One thing that's interesting about the system is that you're not launching it with the eShop yet. Is it because you're putting a lot of thought into exactly how you should tackle that?
HK: We definitely want to make sure that it's ready before we bring it out. The iterations that we've had before -- for Wii and DS -- to be honest, we just haven't been as satisfied as we would like.
It's browser-based, and to be honest, the ease of use wasn't what we wanted, and I don't think that anyone has been pleased with the user response. And I don't think that people have been using it as often as we want. And being able to, again, easily go into it, look around and purchase things. Again, it just didn't work out quite as we were hoping.
And you know on Wii, of course, you had the promotion channel, which is where you went to get new information, and see game demos, or whatever. And so having those two separate, I think, didn't work really all that well, either.
And for Nintendo 3DS, we really want to cover that all in one spot and cover it from all sides. And so we're really taking the right amount of time to make sure that it's right.
And because we're also taking the promotional aspect that we would once separate out and putting that together with the actual shopping aspect to give you the eShop, it's not going to be browser-based; it's a native application. So again, the preparation needed for that is quite extensive.
And again, we're taking more time because we want to be able to create a system where a consumer sees a promotion and says, "Wow, that looks great!" Sees a game demo, game trailer, whatever it is, and says, "I want that!" And the ability to then say "Now I can purchase it right here without having to back out and go somewhere else" -- we want to provide that experience. So that's one other reason why we're not bringing it out with the system itself.
EShop, being similar to WiiWare or DSiWare, would offer games -- independently-developed games, smaller games.
At the same time, Nintendo's been public lately about being not super happy with the way things are going on -- in terms of things like the Apple iOS App Store, in terms of developers selling games on the cheap for download. I was wondering where your opinion falls.
HK: And you know personally -- and this is my own personal opinion from a development standpoint -- we don't want content to be devalued. So if you're a developer and you put some time and effort into a software title and you put it out there...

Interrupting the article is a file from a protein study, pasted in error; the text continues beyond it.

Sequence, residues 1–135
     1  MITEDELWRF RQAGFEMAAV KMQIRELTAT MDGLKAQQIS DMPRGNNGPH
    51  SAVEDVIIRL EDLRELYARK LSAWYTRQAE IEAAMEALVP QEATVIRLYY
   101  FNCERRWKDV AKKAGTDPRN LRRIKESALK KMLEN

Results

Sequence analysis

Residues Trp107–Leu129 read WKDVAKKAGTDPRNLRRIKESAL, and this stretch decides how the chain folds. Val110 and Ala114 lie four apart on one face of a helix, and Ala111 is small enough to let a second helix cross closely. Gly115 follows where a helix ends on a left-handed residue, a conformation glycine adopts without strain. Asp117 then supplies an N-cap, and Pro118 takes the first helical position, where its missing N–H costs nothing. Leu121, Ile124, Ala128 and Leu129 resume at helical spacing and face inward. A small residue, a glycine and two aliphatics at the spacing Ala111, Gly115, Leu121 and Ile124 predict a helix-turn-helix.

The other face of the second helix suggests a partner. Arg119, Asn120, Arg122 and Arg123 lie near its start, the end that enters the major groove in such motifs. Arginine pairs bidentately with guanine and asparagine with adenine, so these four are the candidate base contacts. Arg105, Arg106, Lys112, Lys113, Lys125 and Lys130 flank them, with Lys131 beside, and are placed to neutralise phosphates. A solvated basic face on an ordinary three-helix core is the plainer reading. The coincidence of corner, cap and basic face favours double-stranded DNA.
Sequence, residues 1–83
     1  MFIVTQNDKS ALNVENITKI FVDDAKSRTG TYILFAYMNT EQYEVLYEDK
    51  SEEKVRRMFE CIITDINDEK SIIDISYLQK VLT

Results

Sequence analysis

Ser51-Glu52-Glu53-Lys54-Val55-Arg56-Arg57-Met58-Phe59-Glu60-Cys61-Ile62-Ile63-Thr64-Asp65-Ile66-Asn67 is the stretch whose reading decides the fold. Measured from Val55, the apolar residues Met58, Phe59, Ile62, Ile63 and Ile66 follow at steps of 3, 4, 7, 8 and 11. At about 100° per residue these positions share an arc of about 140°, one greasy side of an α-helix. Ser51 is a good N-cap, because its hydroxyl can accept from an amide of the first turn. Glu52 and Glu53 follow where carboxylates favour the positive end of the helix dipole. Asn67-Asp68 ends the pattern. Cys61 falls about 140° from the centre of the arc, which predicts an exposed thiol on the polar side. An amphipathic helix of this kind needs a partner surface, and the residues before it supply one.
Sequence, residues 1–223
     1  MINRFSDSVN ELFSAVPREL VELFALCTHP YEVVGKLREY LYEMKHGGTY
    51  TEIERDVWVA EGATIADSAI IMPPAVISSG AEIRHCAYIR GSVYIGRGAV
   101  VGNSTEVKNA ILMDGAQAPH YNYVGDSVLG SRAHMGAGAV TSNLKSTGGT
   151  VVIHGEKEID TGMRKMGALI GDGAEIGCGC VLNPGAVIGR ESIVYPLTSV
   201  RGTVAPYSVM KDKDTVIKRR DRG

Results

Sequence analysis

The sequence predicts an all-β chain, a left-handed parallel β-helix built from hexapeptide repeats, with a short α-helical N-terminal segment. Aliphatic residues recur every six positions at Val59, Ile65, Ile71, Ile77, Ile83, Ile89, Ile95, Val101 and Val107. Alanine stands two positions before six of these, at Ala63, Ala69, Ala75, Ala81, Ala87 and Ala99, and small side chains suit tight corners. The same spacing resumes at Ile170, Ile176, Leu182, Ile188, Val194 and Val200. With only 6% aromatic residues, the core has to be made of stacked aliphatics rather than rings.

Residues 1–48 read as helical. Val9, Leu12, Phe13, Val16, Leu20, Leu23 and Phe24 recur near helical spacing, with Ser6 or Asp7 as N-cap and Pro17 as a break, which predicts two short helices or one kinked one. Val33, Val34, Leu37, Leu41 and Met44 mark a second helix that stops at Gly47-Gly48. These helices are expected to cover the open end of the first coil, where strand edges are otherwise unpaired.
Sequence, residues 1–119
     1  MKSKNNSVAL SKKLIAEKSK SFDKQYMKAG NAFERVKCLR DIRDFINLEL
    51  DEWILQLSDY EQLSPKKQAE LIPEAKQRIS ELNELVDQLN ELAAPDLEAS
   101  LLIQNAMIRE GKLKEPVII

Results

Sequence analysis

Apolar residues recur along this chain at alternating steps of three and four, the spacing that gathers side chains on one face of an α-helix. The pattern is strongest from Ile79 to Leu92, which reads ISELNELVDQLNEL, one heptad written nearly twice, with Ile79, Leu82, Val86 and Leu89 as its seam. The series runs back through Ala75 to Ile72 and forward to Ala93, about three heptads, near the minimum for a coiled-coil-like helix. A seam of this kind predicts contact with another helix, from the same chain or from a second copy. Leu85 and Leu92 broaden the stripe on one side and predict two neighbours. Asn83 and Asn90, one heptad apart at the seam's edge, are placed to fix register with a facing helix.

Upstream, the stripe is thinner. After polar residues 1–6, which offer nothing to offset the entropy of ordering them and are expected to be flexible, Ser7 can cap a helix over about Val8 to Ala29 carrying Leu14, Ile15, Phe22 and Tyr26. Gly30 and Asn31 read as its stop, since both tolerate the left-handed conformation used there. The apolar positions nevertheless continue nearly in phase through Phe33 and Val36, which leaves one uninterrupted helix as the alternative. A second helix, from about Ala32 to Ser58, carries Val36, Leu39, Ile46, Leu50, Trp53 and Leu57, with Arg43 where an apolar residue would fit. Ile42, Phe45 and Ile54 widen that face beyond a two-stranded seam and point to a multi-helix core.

Let's say that there's a ton of other software out there that's free, which forces you then to take your content which you want to sell for ten dollars and you have to lower it down to one dollar to be competitive. It's not a business model that's going to make developers happy.
And I don't think that you're going to see a game that takes a year or more to develop. Developers spending more time and manpower to do that -- it's not going to be matched in terms of content and quality by something that sells for a buck. I just don't think that's going to happen.
But we're reaching a point where the iPhone is globally popular -- including in Japan. A certain number of users are starting to think about games in a different way. And I wonder if that's informed any of the decisions you've been making with the 3DS.
HK: Competition is something that we've all been involved with, and take a look at. And when I say "competition," it's not only competition with other software maker, or other hardware developers and whatnot, but it's just competition for people's free time. What do people choose to do with their free time? That's what the competition is.
When we're looking at Nintendo 3DS, we're obviously trying to provide something that will engage people, and they say, "Hey, I want to choose that. That's where I want to spend my free time." Rather than how other developers -- whether it's hardware or software -- go about trying to compete for consumers' time is not something that we worry too much about.
So could we say that Nintendo 3DS' development process was not influenced by, or you weren't thinking about, this other situation when you were creating it?
HK: We just didn't think about it. It didn't "influence" us is maybe that is not the right word, but what we were thinking about was, "How can we engage and surprise and make our consumers happy?" That was what we were thinking about.